Invited as a team leader for IIA Thrissur's 3 day workshop. The other tutors were Kevin Low (Malaysia), Madhura Prematilleke (Sri Lanka), Rafiq Azam (Bangladesh), Shilpa Ranade, Dominic Dube and Rajesh Renganathan.
The workshop focused on the design of a small urban single-family home.
Pramod Jaiswal, Ruturaj Parikh, S. Sreekanth, Vineeth Kannan, Jitin Sabu, Devaditya Mukherjee
Our response to this 'call to arms' was two fold.
1. We were interested in thinking again about the way in which architectural design is produced - the rigorous investigation through observation and continuous drawing and model making. In two days we produced three distinct strategies by which to address the site conditions (accommodating the trees, responding to the scale, addressing the site and corner conditions, etc.). These strategies were investigated in detail through drawings and physical models. We consider this sustained process of drawing and making to be a crucial aspect of design work. Through drawing we understand the existing conditions and speculate on possible responses.
2. Though not developed sufficiently at the workshop, we suggested that rather than thinking about the specifics of the program and its social import it was probably more pertinent to consider the way we build today. Would it be possible to consider the program in terms of modular elements (a kit of parts) that could be assembled in various ways on various sites with a combination of fixed elements and 'knuckles' built at site to afford specific assemblies? We suggested either metal or bamboo framed structures with plywood or cement board in-fill panels. The single-sloped roofs were made using simple metal trusses with metal sheets (with insulation).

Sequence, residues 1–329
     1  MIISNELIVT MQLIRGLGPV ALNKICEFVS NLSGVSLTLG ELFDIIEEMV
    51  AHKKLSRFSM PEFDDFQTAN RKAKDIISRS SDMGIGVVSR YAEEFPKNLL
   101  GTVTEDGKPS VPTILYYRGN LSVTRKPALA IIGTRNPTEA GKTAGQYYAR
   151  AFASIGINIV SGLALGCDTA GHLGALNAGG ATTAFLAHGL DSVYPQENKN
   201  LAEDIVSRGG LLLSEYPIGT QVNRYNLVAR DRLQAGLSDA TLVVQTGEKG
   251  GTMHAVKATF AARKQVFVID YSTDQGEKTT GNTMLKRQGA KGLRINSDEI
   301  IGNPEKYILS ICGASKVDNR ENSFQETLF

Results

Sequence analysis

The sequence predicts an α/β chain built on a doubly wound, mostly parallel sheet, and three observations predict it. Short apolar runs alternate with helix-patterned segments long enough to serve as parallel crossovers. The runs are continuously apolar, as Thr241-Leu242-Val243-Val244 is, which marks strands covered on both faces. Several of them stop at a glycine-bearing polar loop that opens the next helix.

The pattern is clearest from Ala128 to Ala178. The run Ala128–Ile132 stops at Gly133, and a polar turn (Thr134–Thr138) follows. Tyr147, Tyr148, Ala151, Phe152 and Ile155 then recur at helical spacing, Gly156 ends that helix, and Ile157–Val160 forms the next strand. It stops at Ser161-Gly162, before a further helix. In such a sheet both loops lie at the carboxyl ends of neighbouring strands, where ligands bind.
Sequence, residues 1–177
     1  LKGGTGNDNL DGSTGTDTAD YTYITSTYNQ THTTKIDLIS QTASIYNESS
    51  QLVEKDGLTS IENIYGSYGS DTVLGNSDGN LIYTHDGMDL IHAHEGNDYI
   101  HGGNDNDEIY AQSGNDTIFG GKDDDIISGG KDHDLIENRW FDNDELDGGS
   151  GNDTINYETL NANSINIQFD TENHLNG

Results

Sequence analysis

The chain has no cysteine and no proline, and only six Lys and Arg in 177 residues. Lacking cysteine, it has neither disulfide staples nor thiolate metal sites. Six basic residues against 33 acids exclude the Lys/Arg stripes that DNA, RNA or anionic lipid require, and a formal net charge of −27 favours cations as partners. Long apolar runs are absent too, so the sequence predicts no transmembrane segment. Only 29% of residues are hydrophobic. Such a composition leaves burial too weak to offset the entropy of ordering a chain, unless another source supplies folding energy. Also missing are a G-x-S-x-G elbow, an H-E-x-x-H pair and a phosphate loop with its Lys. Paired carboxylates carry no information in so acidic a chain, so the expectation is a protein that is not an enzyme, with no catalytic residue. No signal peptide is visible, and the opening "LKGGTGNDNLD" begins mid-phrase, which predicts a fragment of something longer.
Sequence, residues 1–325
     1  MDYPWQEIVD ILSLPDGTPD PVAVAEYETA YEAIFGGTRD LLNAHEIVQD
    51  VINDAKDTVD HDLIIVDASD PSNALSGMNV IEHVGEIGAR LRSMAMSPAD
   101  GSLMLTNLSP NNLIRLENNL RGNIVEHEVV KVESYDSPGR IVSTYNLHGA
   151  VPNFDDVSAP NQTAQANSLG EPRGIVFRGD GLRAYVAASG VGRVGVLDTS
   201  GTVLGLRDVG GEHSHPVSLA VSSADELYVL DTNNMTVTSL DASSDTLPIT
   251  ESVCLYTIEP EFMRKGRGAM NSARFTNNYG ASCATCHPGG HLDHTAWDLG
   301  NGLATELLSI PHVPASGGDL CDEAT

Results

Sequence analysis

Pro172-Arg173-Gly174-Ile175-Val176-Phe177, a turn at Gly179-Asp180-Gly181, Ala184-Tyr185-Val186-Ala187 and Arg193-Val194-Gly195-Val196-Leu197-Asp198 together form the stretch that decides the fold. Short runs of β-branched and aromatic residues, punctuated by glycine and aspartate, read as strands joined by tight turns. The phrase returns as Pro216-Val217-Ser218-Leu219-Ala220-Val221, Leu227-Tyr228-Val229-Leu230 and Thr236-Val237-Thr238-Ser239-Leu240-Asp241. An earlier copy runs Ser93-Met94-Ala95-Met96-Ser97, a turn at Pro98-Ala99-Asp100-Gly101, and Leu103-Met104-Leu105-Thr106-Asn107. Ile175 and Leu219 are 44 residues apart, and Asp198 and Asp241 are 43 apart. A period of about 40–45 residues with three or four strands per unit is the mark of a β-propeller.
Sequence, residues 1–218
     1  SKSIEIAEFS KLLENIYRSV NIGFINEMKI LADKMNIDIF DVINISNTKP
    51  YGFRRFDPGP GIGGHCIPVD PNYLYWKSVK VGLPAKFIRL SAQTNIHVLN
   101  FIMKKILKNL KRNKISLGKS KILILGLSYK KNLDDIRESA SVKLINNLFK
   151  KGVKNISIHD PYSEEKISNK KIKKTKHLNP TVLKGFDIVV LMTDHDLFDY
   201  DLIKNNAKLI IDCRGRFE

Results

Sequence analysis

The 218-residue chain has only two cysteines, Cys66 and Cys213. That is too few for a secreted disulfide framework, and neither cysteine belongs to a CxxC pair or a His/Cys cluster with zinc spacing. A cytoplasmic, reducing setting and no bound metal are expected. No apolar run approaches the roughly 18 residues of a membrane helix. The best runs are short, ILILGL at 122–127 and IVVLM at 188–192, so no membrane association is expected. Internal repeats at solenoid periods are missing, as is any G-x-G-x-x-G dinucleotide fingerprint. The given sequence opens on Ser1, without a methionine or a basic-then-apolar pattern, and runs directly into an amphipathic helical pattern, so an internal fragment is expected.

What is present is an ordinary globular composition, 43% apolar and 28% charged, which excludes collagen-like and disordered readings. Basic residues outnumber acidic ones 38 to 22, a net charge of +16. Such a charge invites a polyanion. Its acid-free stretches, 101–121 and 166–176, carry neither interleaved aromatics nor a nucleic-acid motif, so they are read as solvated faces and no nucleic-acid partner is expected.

We consider both these aspects as being crucial in the way we address the question of what is next - a rigorous process and an appropriate construction methodology.
Our final proposal organized the program around the large Jackfruit tree at the centre of the site. The noisy Paliam Street on the south was screened off using a two storey high breezeway with a timber screened facade and vertical gardens. This breezeway served as a bridge between the two arms of the plan where the living spaces were housed. The ground floor had the living, dining and kitchen/utility in the eastern arm (catching the morning light) and a small study and the grandparents bedroom in the western arm. This part of the plan could be cordoned off so the grandparents have a private refuge within the plan. All rooms on the ground floor opened out to gardens in the setbacks and onto the central yard around the tree. On the first floor only the eastern arm had an upper level where the children and the parents bedrooms were. Based on this idea of modules, the plan could be read as three modular elements (the eastern arm, western arm and the breezeway) joined together with elements made at site to negotiate the site's specific conditions.